Melodic Death Metal has got to be one of my favorite genres of all time. It just holds so many of my favorite qualities in music; it’s fast and of course, very heavy, it’s melodic, and it definitely takes quite a bit of talent to succeed in this genre, and overall there is a vast number of bands, way too many to mention, that impress me from it. I could name dozens right of the bat, but then my attention would go elsewhere and I would forget to introduce to you my new favorite band of the aforementioned genre called Vornagar. This band is easily one of the fastest I’ve heard, musically, in melodic Death Metal, and overall one of the more powerful ones at that. Now they’ve just released their debut album, “The Bleeding Holocaust”, which is comprised of 9 songs and clocks in at around 30 minutes.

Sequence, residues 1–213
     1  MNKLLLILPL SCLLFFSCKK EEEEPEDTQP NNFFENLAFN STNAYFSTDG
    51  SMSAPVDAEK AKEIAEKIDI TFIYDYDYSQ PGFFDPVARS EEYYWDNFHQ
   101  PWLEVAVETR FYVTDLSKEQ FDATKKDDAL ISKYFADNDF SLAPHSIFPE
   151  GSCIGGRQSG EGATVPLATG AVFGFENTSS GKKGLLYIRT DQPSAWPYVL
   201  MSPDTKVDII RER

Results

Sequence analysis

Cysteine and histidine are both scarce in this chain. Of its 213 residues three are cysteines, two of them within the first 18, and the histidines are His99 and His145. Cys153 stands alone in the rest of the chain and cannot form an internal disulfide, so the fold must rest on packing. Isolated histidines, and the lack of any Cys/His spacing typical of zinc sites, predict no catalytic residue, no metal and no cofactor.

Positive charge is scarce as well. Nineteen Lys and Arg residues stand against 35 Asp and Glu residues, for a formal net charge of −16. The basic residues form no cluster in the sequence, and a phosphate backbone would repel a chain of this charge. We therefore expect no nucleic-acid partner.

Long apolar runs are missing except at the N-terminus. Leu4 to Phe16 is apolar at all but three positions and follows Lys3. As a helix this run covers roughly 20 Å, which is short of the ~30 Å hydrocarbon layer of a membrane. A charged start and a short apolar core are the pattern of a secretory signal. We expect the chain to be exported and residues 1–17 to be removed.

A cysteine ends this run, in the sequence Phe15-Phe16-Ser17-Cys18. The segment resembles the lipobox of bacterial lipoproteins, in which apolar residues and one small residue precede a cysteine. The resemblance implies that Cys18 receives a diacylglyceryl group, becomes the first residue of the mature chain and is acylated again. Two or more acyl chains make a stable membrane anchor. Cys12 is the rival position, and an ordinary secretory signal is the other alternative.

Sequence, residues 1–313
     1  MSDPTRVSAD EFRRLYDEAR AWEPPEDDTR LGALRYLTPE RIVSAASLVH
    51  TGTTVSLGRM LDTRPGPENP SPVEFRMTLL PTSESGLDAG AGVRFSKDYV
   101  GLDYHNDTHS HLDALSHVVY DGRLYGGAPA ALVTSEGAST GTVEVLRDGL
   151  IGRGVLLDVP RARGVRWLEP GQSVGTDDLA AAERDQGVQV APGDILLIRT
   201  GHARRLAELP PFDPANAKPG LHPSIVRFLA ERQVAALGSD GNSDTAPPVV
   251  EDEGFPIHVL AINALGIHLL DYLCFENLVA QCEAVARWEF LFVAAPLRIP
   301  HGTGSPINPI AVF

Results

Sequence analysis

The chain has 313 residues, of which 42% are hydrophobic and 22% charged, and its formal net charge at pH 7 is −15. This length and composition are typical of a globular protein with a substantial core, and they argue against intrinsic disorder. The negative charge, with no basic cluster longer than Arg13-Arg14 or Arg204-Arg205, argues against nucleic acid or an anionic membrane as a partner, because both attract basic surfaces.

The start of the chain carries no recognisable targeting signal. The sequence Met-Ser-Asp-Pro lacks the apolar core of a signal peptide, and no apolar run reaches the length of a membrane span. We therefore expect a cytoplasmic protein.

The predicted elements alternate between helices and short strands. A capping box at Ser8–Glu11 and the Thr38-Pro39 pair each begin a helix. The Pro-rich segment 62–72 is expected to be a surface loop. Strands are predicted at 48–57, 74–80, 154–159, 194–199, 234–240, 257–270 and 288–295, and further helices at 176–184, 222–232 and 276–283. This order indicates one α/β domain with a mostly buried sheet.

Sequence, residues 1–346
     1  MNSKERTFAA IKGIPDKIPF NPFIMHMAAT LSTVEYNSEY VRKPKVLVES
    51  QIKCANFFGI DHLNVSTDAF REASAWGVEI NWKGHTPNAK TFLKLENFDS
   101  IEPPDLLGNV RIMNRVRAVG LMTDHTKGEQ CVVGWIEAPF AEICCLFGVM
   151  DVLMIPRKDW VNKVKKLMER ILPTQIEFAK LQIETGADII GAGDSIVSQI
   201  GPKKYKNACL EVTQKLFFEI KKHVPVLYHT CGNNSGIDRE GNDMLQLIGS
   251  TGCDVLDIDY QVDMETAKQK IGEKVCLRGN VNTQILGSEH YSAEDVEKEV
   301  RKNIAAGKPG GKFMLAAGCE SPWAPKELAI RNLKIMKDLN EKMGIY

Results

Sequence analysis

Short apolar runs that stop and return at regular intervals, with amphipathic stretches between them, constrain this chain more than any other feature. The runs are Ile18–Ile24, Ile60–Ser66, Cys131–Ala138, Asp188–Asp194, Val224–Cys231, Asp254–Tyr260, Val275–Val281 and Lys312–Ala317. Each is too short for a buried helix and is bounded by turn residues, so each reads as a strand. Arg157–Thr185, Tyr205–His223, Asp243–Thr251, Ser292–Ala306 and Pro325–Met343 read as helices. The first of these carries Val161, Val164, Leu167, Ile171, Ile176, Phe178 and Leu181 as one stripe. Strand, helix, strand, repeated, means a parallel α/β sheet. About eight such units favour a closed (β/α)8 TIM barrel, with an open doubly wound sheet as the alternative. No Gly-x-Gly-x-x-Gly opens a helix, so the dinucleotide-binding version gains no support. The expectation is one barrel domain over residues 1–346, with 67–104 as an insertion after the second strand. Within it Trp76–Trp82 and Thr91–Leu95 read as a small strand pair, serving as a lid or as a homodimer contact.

Well, with a genre that holds so many great bands, there are also going to be a lot of crappy bands that follow its path as well. It seems that even Melodic Death Metal has been a little overplayed these days, but not to the point where you’ll have to stop listening to it for a while and find something else, like I have with a lot of Metalcore or Hardcore lately. This newer band is not at all like that. I was first introduced to this band with a recorded video of the drummer and that’s what drew me towards this CD. The music on “The Bleeding Holocaust” is outstanding and very complex, there are so many aspects that I can’t even tell you about because of how varied this CD is.